Sophisticated emergency ventilator for the UK government

The call from the UK Government came in the late afternoon of Friday the 13th of March. Faced with the biggest health crisis in living memory, there was a risk that the nation’s ventilator capacity would be overwhelmed. This is the story of our response: Veloci-Vent, a sophisticated ventilator created from scratch in a little over six weeks.

Proud to help

Cambridge Consultants was proud to assist in the rapid development and manufacture of ventilators to meet the unprecedented challenge faced by NHS hospitals. To help deal with the coronavirus pandemic, the government’s Ventilator Challenge involved multiple concurrent streams. Leading technology and engineering firms were engaged to build existing, modified or newly designed ventilators at speed.

Life-saving equipment

The government was faced with an unacceptable worst-case scenario of not having enough capacity of life-saving equipment. Our project delivered a viable option, which fortunately was not needed as infection rates were brought under control. The design remains available, should the need arise in the future.

Committed response

The story is characterised by collaboration – both internally and externally. The passionate and tireless response of the multidisciplinary inhouse Cambridge Consultants team was matched by productive partnerships with the regulator, clinical advisers, government representatives and manufacturing partners. We also shared insights and advice with fellow companies engaged in similar programmes.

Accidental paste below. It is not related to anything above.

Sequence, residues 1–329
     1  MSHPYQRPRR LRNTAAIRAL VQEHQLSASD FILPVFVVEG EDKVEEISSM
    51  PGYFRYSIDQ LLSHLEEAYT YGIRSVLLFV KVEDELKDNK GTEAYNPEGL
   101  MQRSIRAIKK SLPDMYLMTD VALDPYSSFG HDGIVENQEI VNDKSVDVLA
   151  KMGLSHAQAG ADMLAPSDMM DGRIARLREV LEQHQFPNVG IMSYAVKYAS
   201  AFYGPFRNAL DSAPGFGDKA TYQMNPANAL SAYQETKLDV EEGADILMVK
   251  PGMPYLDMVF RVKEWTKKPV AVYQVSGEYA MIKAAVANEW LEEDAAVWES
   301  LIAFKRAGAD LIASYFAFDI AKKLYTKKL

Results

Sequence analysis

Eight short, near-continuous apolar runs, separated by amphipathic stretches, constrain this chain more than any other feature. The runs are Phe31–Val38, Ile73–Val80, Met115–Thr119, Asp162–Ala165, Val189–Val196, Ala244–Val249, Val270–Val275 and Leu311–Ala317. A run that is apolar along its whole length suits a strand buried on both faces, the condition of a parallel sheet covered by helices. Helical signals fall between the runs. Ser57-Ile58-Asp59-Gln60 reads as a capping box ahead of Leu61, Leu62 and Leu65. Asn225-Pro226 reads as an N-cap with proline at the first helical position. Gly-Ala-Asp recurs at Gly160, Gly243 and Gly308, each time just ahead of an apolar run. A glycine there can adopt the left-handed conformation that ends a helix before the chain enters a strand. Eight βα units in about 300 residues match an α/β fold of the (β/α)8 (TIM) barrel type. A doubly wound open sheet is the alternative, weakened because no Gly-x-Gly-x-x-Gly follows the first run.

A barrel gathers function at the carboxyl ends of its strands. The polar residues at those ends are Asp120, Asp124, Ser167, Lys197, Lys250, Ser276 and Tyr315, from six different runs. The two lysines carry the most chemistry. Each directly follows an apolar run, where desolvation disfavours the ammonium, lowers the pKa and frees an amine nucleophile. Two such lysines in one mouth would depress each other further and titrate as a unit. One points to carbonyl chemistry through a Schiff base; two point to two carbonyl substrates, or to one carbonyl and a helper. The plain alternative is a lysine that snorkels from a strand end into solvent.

“Veloci-Vent was a remarkable response to the Ventilator Challenge and underwent several independent function and usability tests at the Medical Devices Testing and Evaluation Centre. It met all of the essential requirements of the Rapidly Manufactured Ventilator Specifications issued by the regulator. If predictions had materialised, Veloci-Vent could have supported large numbers of critically ill patients.”

Prof. Tom Clutton-Brock

Independent tester for the MHRA

The challenge

Sprint-based approach

The clock began ticking the moment we came off the phone to the government. It would normally take several years to develop a patient-ready system to the required safety and clinical utility. We were given six weeks. With a traditional development approach we implemented an agile, sprint-based method similar to that used in consumer or industrial products.

Clinical insight

The pace was maintained by integrating continuous clinical insight into the development. Daily calls with frontline clinicians generated priceless insight and feedback.

On most days we carried out more traditional human factors and usability formative testing with the target end user group.

Challenge of change

The evolving understanding of clinical requirements to treat COVID-19 meant that the specification was evolving up to the day of submission. It was vital to keep track of changes and document them within an ISO 13485 development. Specification management infrastructure gave us the ability to respond rapidly and maintain control and traceability.